Shareholders present protest vote against James Murdoch
This round-up of Tuesday's main media stories reports on more new developments in the phone-hacking scandal.
The Guardian says James Murdoch's future at News Corporation looks increasingly precarious as shareholders delivered a damning verdict on his tenure amid widespread criticism of his handling of the hacking scandal. Figures published last night show that a majority of independent shareholders voted against the re-election of chairman Rupert Murdoch's sons James and Lachlan Murdoch. James Murdoch faces a second grilling in the Parliament next month over phone-hacking.
The BBC's Robert Peston says the result of the vote is an embarrassment for James Murdoch. "He wants to be seen as a talented business person in his own right, rather than the heir of one of the world's most powerful media tycoons." He goes on to say that Anne Simpson of the huge US pension fund, Calpers, which voted against him, told the BBC the vote was about more than just concerns over what went wrong at the News of the World. "I think this really tells the board that investors are looking for change, they're looking for robust independence," she said.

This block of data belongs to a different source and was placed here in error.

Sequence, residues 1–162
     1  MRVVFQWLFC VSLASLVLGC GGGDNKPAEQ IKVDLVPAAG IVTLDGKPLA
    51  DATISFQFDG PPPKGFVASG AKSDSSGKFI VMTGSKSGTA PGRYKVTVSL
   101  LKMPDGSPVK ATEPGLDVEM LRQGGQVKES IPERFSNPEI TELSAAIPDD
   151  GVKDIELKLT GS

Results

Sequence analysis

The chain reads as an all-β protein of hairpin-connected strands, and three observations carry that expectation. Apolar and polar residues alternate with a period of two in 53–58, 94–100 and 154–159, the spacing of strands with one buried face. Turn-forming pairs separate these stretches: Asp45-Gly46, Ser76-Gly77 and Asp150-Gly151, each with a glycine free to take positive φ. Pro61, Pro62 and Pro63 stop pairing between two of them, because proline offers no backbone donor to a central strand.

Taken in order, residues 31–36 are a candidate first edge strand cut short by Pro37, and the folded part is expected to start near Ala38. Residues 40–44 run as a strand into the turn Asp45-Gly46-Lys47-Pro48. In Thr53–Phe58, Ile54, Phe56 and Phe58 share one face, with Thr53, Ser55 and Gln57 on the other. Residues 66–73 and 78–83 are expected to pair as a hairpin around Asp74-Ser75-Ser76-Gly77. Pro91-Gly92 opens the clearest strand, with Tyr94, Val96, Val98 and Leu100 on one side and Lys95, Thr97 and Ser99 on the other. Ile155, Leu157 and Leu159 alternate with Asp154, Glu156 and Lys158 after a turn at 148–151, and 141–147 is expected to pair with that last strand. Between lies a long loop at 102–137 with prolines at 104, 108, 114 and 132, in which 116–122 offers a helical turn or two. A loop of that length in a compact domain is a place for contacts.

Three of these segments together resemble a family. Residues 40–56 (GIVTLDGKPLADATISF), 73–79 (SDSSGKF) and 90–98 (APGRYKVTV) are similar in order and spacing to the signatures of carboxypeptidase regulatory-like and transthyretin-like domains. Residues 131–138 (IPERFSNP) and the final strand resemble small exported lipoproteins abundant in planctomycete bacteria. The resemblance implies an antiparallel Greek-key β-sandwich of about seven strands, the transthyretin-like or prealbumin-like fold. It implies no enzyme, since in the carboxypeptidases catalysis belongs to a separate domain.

News International's former executive chairman has rejected suggestions that company executives have been "untruthful" with MPs on phone hacking, reports BBC News. In evidence to the Culture Committee, Les Hinton accepted that previous evidence suggesting the practice was restricted to one reporter had proved inaccurate. But he said a letter - copied to him - alleging it was widespread had not constituted "firm evidence".
The Guardian says ITV is understood to be close to securing a deal to continue broadcasting the FA Cup and England home games until 2014, paying at least 20% less than the £65m a year paid under the existing agreement. The broadcaster's current £275m four-year deal expires at the end of this season. It says the FA effectively lost a major player in the negotiations when the BBC cut its sports rights budget by 15% as part of the Delivering Quality First cost-cutting measures.
After the rebellion by backbench Conservative MPs in the vote on a referendum on Europe, the Daily Mail says the prime minister received a "bloody nose". The Sun says he deserved it - paying a humiliating price for snubbing public calls for a referendum on the EU, as reported in the BBC's newspaper review.